First off, please understand I am horrendously confused with how to do things in Unity. I might not even be asking the right questions, I'll pose my problem and hope it shows my gap in knowledge.
For my game project (a clicker game), I have a several types of object for the player to interact with. Food, Training Dummies, Enemies etc. As per most games, I need objects of the similar type to have different parameters. eg. blue enemy does 1 damage, red enemy does 2. Unlike most games, I will only be showing one 'interactable' object per scene. once you defeat that enemy, it dies, you get experience and it respawns. once you've eaten the food, it vanishes and you get whatever bonus and then it restocks based on what you have in your inventory.
So, I'd made a base class Enemy (which is a unity script, right? which is just a c# class you can attach to a GameObject?)
Next step, adding my child game objects into the scene when I need them. I think this is where the confusion sets in.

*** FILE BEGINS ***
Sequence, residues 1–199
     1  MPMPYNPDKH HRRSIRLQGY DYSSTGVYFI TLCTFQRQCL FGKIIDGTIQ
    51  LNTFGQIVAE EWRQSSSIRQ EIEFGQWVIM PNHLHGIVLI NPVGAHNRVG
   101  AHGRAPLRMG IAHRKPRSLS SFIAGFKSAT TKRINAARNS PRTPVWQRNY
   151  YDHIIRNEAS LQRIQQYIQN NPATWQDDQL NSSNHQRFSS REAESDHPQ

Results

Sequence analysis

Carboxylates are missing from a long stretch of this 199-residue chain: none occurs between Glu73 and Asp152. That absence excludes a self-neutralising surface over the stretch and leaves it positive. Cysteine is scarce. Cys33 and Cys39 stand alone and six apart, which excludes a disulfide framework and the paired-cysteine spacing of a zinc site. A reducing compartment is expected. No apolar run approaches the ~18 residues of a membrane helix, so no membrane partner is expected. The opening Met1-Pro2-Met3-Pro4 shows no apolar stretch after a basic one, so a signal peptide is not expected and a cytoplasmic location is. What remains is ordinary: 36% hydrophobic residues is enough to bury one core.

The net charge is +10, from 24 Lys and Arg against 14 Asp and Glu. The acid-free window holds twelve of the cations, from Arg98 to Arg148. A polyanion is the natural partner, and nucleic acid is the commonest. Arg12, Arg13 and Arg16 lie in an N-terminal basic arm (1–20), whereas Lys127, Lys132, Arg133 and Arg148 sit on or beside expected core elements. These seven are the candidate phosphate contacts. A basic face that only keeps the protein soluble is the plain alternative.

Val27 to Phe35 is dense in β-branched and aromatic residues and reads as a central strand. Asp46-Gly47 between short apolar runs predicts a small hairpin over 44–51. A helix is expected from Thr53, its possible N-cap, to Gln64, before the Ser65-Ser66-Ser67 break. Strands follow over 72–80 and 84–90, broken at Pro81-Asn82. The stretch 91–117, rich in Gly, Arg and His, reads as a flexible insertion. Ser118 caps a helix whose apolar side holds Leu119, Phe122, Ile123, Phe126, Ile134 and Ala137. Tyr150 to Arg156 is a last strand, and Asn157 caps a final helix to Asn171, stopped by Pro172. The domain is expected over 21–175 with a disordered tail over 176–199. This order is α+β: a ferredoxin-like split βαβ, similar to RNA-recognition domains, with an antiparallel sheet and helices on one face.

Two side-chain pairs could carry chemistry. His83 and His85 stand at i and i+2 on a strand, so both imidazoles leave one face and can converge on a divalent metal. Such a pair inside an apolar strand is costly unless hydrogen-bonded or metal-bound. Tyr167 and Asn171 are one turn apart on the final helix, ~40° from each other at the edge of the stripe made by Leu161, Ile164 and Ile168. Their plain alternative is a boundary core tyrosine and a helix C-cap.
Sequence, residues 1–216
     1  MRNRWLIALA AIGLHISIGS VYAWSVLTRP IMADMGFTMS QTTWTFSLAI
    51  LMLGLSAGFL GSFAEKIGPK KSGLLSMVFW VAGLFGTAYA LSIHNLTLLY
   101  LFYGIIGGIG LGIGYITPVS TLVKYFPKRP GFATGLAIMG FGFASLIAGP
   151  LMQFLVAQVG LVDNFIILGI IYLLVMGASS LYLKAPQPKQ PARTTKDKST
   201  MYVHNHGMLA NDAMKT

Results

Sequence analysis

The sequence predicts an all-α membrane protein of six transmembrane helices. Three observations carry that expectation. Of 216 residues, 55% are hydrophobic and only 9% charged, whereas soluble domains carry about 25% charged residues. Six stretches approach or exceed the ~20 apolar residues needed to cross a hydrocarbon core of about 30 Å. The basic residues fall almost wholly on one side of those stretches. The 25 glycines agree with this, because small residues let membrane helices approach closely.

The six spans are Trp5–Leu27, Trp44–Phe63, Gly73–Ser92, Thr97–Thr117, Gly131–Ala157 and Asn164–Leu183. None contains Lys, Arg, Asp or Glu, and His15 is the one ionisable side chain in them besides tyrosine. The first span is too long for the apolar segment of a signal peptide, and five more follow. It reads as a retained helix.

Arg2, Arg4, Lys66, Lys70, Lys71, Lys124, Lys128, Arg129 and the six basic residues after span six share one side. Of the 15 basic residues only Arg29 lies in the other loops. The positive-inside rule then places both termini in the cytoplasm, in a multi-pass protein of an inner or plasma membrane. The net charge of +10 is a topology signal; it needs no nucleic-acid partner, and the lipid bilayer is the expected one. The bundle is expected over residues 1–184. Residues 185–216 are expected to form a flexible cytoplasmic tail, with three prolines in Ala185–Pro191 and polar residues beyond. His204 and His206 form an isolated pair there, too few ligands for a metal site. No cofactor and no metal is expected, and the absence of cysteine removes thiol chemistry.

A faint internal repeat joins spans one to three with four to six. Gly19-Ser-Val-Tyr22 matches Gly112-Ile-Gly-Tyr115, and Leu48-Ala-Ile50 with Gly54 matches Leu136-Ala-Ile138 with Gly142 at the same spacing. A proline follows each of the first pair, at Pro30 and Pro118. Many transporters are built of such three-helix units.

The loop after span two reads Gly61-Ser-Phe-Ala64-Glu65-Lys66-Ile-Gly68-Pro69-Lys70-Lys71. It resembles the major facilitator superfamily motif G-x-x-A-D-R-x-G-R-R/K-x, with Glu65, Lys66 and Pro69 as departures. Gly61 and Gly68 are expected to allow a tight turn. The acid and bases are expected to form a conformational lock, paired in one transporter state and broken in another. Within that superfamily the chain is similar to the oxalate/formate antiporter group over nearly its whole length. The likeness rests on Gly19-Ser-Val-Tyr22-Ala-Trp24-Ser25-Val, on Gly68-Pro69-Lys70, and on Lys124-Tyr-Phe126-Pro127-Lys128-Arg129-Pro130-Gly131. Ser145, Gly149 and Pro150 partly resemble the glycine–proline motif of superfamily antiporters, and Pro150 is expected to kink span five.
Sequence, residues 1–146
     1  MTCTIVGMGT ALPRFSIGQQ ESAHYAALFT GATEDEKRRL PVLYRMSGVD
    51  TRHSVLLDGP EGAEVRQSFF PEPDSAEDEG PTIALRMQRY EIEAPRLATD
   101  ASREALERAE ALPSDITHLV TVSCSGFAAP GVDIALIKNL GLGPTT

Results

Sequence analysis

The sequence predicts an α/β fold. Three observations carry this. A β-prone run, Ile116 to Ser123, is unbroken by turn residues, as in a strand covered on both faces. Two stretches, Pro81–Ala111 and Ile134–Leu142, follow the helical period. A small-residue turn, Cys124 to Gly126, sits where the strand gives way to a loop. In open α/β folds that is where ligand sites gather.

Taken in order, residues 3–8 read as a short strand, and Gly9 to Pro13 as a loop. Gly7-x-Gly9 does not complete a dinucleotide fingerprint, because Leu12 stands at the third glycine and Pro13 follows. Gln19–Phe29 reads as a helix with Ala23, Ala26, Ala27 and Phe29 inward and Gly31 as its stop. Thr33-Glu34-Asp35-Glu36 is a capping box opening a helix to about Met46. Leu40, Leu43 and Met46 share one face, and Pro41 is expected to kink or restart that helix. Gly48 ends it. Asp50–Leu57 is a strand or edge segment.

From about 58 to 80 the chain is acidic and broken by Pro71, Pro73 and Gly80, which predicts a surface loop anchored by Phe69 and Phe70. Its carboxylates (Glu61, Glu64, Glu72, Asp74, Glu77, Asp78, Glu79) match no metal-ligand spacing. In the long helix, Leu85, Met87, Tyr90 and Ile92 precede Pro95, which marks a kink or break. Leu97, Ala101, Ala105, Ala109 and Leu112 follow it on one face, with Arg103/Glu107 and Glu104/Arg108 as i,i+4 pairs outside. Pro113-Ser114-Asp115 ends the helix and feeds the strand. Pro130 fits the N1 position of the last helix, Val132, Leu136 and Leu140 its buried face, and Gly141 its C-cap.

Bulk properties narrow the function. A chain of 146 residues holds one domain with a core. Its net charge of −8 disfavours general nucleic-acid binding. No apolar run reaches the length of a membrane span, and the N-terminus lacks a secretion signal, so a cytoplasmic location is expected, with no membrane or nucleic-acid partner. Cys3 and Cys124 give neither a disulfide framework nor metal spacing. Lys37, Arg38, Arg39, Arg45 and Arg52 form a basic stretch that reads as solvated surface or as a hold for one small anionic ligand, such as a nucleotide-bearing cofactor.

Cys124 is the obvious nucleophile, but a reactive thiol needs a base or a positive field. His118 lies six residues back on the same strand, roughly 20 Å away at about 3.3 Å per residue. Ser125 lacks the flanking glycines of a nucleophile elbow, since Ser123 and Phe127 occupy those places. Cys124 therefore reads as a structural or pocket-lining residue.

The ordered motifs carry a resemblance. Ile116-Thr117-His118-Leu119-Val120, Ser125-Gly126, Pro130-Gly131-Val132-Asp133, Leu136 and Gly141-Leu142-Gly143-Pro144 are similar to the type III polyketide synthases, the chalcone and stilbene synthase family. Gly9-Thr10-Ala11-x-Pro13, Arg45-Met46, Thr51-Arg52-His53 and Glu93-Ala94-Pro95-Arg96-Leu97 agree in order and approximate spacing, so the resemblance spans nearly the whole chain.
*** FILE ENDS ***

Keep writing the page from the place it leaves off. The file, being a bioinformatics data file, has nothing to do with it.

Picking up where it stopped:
So far I'd placed a GameObject in my scene, set it's layout etc and attached the enemy script to it. my respawn mechanic (for a single enemy object repeating itself) was to access the canvasgroup component and set the alpha & interactivity off and then back on, the 'new' enemy would also have it's health refilled, the total updated, all inside a single script using one class. I'm doing it in such a primitive way because I can't quite understand how to correctly create a new child object into my scene and interact with it.
if I make a c# script "BlueEnemyScript" inherit from script "EnemyScript", that's a "child object" in c#?
I create a GameObject (Blue_Enemy) and attach all the components to it including BlueEnemyScript c# script, then drag it into prefabs.
I then have another GameObject called EnemyManage that will instantiate the prefab via a script.
When I instantiate this prefab (is that a Child in Unity?), it will have it's own unique instance of BlueEnemyScript?
If I were to instantiate the non child Enemy, but change it's parameters as part of the method to instantiate it, wouldn't it have the same effect since it has a unique instance of the script?
Do I even need multiple instances because I'll only have one of the same object type active at a time? should I just swap which method inside the object script is being accessed?
Happy to have this question closed, I understand it's a mess.
I read some old questions but they haven't made it much clearer: